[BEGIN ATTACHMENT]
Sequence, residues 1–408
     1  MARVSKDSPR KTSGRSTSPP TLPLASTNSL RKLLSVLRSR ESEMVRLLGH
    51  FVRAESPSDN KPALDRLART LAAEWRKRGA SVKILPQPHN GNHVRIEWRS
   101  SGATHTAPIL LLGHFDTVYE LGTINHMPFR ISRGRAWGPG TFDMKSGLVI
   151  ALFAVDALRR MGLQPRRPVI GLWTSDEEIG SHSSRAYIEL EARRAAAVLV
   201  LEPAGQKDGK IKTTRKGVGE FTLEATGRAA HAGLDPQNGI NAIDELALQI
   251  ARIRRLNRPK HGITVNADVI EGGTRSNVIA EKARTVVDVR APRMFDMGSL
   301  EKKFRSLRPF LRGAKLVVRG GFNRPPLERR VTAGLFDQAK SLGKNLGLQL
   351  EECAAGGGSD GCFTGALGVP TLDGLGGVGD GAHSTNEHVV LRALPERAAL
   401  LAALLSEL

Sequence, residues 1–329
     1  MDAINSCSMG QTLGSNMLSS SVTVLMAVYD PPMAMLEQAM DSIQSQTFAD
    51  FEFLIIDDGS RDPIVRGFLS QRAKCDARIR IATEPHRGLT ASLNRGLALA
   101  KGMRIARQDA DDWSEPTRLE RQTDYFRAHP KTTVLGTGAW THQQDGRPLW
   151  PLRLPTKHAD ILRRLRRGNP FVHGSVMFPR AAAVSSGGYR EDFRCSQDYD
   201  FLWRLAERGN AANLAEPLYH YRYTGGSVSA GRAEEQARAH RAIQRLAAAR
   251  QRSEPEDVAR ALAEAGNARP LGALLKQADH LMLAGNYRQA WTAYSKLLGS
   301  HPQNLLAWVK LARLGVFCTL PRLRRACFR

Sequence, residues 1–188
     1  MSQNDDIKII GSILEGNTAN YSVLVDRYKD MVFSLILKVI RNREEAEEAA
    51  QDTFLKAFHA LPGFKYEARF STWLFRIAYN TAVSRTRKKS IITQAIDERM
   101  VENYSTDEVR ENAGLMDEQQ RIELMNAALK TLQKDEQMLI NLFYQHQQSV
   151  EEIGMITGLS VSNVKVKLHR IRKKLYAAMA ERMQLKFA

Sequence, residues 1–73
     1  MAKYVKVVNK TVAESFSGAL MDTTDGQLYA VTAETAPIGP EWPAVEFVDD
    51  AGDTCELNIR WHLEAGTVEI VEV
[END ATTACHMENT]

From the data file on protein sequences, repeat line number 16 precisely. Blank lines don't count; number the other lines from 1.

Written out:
   201  FLWRLAERGN AANLAEPLYH YRYTGGSVSA GRAEEQARAH RAIQRLAAAR